New York will take a major step toward trying out two of its newest varieties — Snapdragon and Rubyfrost — on the market during the upcoming Eastern apple season.
The bright red Snapdragon, a “fall-market” apple that is being touted for its crunch, sweetness and appeal to children, will hit retail stores on a test basis this fall, said Jim Allen, president of the New York Apple Association in Fishers.
Rubyfrost, a “winter” variety, was tried out last year on a test basis in Hannaford and Wegmans stores across New York and a new Tops store in Orchard Park, N.Y., according to the New York Apple Growers Association, which helped to develop the varieties with Cornell University.
Developers say the Rubyfrost, which ripens later in the fall and “stores well,” is comparable to the empire and granny smith varieties.
Snapdragon was derived, in part, from the Honeycrisp variety.
More new varieties are on the way, Allen said.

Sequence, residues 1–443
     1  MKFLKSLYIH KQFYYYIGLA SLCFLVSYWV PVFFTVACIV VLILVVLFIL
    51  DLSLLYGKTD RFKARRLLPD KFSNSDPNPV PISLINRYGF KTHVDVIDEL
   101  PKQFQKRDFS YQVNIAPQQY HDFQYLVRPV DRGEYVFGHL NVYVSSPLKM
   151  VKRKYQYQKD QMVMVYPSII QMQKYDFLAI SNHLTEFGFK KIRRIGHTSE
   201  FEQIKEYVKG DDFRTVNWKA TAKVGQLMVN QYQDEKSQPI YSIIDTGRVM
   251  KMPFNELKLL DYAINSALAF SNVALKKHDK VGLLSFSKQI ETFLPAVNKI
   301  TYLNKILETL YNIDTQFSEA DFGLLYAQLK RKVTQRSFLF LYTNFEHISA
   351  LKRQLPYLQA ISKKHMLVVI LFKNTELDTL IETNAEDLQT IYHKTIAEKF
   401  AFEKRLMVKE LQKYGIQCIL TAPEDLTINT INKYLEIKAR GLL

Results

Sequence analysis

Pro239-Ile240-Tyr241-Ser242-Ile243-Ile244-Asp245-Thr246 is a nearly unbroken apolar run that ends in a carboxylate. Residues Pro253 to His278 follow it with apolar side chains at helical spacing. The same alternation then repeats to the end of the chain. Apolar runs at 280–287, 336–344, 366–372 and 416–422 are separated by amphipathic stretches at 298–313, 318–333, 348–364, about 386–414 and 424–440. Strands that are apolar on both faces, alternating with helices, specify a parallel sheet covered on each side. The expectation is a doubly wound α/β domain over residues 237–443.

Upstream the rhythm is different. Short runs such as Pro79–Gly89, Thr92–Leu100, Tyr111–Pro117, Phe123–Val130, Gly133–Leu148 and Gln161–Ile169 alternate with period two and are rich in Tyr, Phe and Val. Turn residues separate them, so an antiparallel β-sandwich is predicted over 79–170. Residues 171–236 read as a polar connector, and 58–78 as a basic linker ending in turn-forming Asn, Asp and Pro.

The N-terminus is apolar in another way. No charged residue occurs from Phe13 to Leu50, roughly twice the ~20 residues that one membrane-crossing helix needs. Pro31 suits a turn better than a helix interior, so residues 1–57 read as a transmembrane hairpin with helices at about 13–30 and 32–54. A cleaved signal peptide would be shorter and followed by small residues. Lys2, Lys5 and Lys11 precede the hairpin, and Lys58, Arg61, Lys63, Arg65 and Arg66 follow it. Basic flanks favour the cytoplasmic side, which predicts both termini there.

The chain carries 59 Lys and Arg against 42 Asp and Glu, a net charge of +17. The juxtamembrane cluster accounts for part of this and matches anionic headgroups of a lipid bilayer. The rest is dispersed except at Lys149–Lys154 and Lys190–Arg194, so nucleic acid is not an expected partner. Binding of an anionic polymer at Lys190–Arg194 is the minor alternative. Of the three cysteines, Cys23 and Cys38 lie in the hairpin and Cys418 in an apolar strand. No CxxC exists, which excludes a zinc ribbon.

“There are some new varieties in the system at Cornell, some based on the success of these two,” he said. “I think this program is just going to continue to provide new varieties.”
Allen said New York has produced “dozens” of varieties over the last two decades.
“Retailers are keen on new varieties, looking for something to bring in and highlight,” he said.
In May 2010, Cornell forged a partnership for a “managed release” with the New York Apple Growers Association to establish an exclusive licensing agreement in North America for the Snapdragon and Rubyfrost. Growers pay royalties on trees purchased, acreage planted and fruit produced, and the income is used to market the new varieties and support Cornell’s apple-breeding program.
The first trees were planted in farmers’ orchards in 2011, and that has grown to more than 400 acres, Allen said.
Developers hoped both would compete strongly against other major varieties by 2015. Allen said they may not meet the planners’ schedule, but the varieties are progressing.
Lee Peters, vice president of sales and marketing with Wolcott, N.Y.-based Fowler Bros Inc., said he expects the varieties to gain a following, but slowly.
“To be honest, there’s very limited volume of both,” he said. “It’s going to be another year or two before it’s impactful in the marketplace.”
But, he said, marketers believe the varieties will pick up momentum.
“We believe they’re good varieties and we’re excited, but it’s too soon to see what kind of impact they’ll have,” he said.